Most opponents use coercion; the better approach, however, may be to work with big box retailers to redirect their inherent and, I submit, ultimately irresistible power in more constructive ways.Technorati Tags: wal-mart walmart
No one is going to be successful in the long run by trying to ride on the backs of these monsters and beat them into submission. It is the hundreds of millions of bargain-hungry shoppers who feed these formats and cause them to grow to sumo-like proportions.
Let me suggest that some of those who rail against big box retail are out of touch with what mainstream America wants.
Costco is also a retailing behemoth. (for Lu Laoshi)
If child labor were used illegally in automobile assembly plants, would we seek to prohibit such plants through our comprehensive planning process and zoning regulations? Probably not. Yet much of the opposition to big box retail and the efforts to keep them out of our cities and towns through plan amendments and zoning strategies are based on the idea that some of these retailers, some of the time, treat their workers poorly.
For example, Levi Strauss, which had sixty clothing plants in the United States twenty-two years ago, does not make clothing in the United States anymore—it just imports what it sells. Again, is this a land use issue to be addressed through planning and regulation?
Growth management can encourage as well as discourage development. It can stimulate the rate of development or attempt to retard it. It can nudge developments into one area and seek to keep them out of others.
The reality is that the market is powerful and those who regulate should focus on ways to channel, not hold back, that force.
If the central city prohibits big box retail and the well-managed and carefully planned inner suburbs do likewise, you can be sure that big box retail will flow on past those closed doors and restricted lands to the fringe or some interstitial area of weak planning and regulation. It will not in the end be stopped; instead it will be driven to a sub-optimum location, which in the end may be worse than prohibiting it elsewhere. [Are you listening Moscow City Council? This is what is going to happen to you. Wal-Mart will be in the corridor or somewhere else in Latah County that you consider a sub-optimum location.]
Instead of big box retail causing sprawl, it may indeed prove to be a catalyst, a driver, for infill redevelopment, intensification, mixed-use, and a reorientation of low density sites to pedestrian-friendly design and transit-oriented development. [Moscow could have had this, which they say they want, if only they had been willing work with Wal-Mart. As it is, Mayor Nancy Chaney won't even meet with the manager of the Moscow Wal-Mart, even though it is her city's third largest private employer.]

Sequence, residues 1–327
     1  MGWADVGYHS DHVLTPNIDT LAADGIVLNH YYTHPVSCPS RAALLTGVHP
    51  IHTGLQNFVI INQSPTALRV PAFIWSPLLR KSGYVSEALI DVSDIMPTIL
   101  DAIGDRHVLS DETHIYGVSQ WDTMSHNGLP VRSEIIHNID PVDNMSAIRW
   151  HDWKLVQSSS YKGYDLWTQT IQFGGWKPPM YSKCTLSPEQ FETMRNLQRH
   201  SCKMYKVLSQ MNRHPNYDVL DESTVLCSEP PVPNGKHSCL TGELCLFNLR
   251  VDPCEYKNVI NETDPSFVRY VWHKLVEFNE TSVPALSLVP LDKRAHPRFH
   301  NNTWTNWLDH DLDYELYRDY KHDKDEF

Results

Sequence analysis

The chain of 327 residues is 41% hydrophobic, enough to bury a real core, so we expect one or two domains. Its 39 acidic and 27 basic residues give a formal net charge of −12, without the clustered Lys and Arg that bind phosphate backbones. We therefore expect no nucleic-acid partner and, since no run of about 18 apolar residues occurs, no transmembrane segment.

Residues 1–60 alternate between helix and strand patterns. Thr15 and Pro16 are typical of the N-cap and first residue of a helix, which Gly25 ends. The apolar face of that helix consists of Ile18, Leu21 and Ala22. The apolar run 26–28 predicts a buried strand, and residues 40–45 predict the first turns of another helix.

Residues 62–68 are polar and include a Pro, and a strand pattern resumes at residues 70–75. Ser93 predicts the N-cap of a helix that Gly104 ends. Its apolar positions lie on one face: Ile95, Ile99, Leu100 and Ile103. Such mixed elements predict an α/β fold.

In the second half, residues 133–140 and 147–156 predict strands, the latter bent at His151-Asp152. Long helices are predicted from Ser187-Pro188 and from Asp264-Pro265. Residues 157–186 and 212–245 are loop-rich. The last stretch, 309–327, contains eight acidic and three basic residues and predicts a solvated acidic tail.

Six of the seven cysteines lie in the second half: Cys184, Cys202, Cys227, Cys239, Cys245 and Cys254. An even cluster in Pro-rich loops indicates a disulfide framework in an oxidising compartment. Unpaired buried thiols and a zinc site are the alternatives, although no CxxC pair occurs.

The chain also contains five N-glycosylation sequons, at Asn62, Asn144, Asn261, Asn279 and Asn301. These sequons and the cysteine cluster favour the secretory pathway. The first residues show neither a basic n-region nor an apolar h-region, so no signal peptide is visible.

I submit that it is unnecessary to try and bludgeon big box retail into submission, and such efforts are ultimately doomed for several reasons.
First, as I previously suggested, the market is all-powerful. Bit by bit, the buying public's desire for cheap underwear, or whatever else it is that they want from such stores, will come to rule, just like the constant pounding of the ocean with small waves and big waves alike will eventually bring down the strongest sea wall. Regardless of the rhetoric, the public wants to shop in these stores. [PARD and No Super WalMart would save themselves a lot of trouble if they just listened to this reasoning.]
Second, the "over-our-dead-bodies" approach to siting big box retail only raises the ire and resolve of developers. Media attention exacerbates the strong feelings on both sides and creates a gestalt of winning by attrition, not reason. The winner of the contest is the one who gives up the most and spends the most, much like the semi-myth of the potlatch Indians. [Oh, our local media has definitely exacerbated feelings. PARD must feel that they have won by attrition. They'll claim "victory" even if they lose the appeal. Unfortunately, the citizens of Pullman can hardly be called "winners," no matter what happens, because of all the taxpayer's money that has been wasted on this fight.]
How about this radical idea? We actually allow big box retail stores in enough places that consumer demand will be met, and we carefully design them so they are not gut-wrenchingly ugly. [This is the approach the Pullman took. Instead of fighting Wal-Mart, we worked with them, and now we will have a beautiful store that exceeds all environmental requirements in a location that the city decied was the optimal site.]
Floor area limitations have been upheld by the courts in several instances, but responsible planners need to do a "reality check" of such limitations to determine whether they truly are intended to ensure compatibility with the scale of their communities, or whether such limitations are designed to keep out retailers for reasons unrelated to good planning. [In Moscow's case, the proposed square footage cap is defintely designed to keep Wal-Mart out for reasons unre;ated to good planning.]
A one-size-fits-all approach to planning and regulating big box retail generally will not work. [Again, are you listening Moscow City Council?]
Big box retail carries with it some heavy baggage. Issues of unionization, wage scales, benefits for workers, and adverse impacts on existing retail uses are real and important, but must be questioned as a basis for land-use planning and regulation. [Which is why PARD's appeal is ultimately doomed to fail. Political issues cannot be addressed in the land use process.]
Plans and regulations should recognize the public demand for the value shopping opportunities provided by big box retail, whether it is of the general merchandise variety such as Wal-Mart, or category killers like Best Buy or factory outlets.